Additionally, East Asian languages and cultures department lecturer Ling Yan, who teaches Oh's Chinese class, confirmed that the email she did receive from Hubner on Tuesday instructed her to inform students of the relocation herself.

Leah Jacobsen / Staff Designer

Because of the lack of communication between offices, Oh missed a total of five classes—all of which still took place in Kent despite the elevator being out of service—between last Thursday and this Tuesday. Oh said she did not attempt to tell her professors of the classes' new locations because she assumed ODS had filled them in.

"It's not my duty, and who am I to say it? I'm not an official here," Oh said.

Similarly, Jess Silfa, GS '16, was unable to attend a creative writing class in Kent on Thursday due to the fact that her disability prevents her from climbing stairs. When Silfa learned of the elevator shutdown on Thursday, she emailed both ODS and the creative writing department. As a result, the creative writing department was able to temporarily relocate one class session without collaborating with ODS.

On Monday, Silfa—like Oh—was notified by ODS that her classes would be relocated that afternoon. However, Silfa said her professor remained unaware of the relocation until Silfa personally emailed her.

"It seems like there really doesn't exist right now any kind of alert system," Silfa said. "It forces you to be reactionary instead of proactive."

Silfa said she believes the problem could have been solved if ODS had been made aware of the elevator breakdown sooner and was able to coordinate the relocation between professors and the Office of the Registrar more quickly.

"We have all these offices that don't talk to each other. Once Facilities knows that an elevator is out, they should tell ODS, and ODS should tell other students that have disabilities and professors," Silfa said. "The fix is so within grasp, and yet it doesn't happen. You could have sent out an email, but you didn't."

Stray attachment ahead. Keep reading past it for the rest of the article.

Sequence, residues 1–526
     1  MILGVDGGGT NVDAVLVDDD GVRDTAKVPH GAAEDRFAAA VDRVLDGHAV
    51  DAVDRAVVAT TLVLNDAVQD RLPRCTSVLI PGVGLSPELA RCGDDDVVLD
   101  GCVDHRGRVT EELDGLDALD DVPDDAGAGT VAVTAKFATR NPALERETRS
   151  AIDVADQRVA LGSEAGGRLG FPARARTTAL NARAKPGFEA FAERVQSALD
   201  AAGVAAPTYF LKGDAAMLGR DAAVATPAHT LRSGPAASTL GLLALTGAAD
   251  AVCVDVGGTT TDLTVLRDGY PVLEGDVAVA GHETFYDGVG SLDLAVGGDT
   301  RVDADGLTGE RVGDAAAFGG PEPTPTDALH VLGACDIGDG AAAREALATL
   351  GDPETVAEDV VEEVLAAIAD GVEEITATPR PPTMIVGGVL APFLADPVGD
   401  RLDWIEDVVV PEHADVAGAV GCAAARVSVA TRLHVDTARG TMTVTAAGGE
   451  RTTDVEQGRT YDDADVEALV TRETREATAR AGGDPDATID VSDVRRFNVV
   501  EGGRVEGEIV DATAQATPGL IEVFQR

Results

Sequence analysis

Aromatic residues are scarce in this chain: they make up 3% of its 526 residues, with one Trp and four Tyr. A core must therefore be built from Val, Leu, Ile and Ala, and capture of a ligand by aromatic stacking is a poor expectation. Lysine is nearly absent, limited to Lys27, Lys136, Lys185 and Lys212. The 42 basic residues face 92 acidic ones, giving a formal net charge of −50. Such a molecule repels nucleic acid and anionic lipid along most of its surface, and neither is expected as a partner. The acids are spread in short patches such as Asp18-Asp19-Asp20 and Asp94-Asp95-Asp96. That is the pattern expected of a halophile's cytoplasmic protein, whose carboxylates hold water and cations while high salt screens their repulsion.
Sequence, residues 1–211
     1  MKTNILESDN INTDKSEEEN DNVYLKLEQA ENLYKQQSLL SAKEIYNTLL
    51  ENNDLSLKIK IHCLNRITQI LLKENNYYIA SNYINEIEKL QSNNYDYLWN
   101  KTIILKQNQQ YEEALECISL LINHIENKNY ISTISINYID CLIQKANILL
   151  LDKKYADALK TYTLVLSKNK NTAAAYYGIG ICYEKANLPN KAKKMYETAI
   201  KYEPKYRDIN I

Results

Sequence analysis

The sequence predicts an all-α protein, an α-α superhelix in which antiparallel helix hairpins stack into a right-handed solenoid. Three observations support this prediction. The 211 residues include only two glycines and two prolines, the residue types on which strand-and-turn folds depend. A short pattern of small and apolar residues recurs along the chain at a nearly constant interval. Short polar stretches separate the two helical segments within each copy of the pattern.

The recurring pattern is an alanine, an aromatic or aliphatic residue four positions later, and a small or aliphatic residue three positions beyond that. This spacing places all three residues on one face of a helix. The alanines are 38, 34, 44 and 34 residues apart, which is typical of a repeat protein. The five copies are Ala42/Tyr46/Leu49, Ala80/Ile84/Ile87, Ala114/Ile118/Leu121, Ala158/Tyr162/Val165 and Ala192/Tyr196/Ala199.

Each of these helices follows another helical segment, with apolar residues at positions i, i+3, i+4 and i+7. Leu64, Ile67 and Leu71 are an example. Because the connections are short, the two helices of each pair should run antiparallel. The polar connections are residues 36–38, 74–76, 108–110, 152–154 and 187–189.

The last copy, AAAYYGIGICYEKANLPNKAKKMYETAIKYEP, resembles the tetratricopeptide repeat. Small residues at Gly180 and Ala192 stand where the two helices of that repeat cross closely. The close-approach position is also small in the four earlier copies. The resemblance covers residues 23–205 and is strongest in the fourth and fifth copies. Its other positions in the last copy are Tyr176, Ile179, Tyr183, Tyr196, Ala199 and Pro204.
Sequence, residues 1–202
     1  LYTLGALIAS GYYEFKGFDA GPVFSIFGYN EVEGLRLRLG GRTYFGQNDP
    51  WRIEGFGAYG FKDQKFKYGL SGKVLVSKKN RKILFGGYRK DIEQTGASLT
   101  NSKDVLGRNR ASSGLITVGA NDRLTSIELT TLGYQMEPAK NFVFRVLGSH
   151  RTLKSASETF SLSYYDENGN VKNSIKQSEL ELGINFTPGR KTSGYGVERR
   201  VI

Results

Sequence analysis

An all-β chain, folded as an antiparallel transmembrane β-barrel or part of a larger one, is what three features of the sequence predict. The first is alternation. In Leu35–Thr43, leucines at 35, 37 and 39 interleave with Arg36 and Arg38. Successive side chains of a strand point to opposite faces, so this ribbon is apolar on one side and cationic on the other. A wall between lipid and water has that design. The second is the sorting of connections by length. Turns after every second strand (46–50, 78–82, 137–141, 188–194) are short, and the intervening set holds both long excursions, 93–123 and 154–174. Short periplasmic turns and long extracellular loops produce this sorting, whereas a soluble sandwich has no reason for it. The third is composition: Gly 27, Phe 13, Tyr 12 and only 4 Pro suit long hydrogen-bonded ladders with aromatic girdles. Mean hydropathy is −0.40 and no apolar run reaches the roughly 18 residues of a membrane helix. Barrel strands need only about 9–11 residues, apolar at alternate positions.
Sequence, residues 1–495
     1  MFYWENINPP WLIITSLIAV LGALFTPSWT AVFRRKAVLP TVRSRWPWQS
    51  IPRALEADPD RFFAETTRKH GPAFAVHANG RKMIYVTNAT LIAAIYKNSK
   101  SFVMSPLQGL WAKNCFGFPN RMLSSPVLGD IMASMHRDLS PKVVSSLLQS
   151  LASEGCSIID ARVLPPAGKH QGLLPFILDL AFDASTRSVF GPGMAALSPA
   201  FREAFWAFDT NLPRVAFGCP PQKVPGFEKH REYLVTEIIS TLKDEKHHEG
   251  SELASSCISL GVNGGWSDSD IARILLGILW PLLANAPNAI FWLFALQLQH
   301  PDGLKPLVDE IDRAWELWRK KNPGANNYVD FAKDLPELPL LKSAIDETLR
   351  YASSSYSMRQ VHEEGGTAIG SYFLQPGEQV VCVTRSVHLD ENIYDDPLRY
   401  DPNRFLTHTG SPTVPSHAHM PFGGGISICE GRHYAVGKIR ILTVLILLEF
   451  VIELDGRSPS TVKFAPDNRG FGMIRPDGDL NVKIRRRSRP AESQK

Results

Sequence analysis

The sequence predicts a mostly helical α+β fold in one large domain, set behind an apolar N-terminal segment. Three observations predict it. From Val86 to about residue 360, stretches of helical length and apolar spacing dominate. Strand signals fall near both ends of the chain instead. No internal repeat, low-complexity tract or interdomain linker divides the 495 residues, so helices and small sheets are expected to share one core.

According to Kane, there is no standard system of communication between Facilities and the Registrar's Office when services such as elevators break down.

"It's rare that we even hear from Facilities," Kane said.

However, both Silfa and Oh said they believe no individual member of ODS was to blame for the miscommunication.

"I definitely have no malice to the ODS at all, I think they're trying," Silfa said. "But I think they're working within a model that just doesn't work anymore."

"The problem comes when they can't ... get their paper trail together and send an email blast," Oh said. "The real problem is the bureaucracy."

Silfa added that she believes this lack of communication is just one incident within a pattern of general disregard for students with disabilities at Columbia.

"Being disabled on campus feels a little bit like being homeless in New York City, how the homeless are almost ignored. People just do not understand the realities of it, how difficult it is, how isolating it is," Silfa said. "We know that students who are disabled here face stigma. On top of everything else, now I can't even get to class?"

Correction: A previous version of this article stated that Sarah Kim has multiple sclerosis. In fact, she has cerebral palsy. Spectator regrets the error.

aaron.holmes@columbiaspectator.com | @AaronPHolmes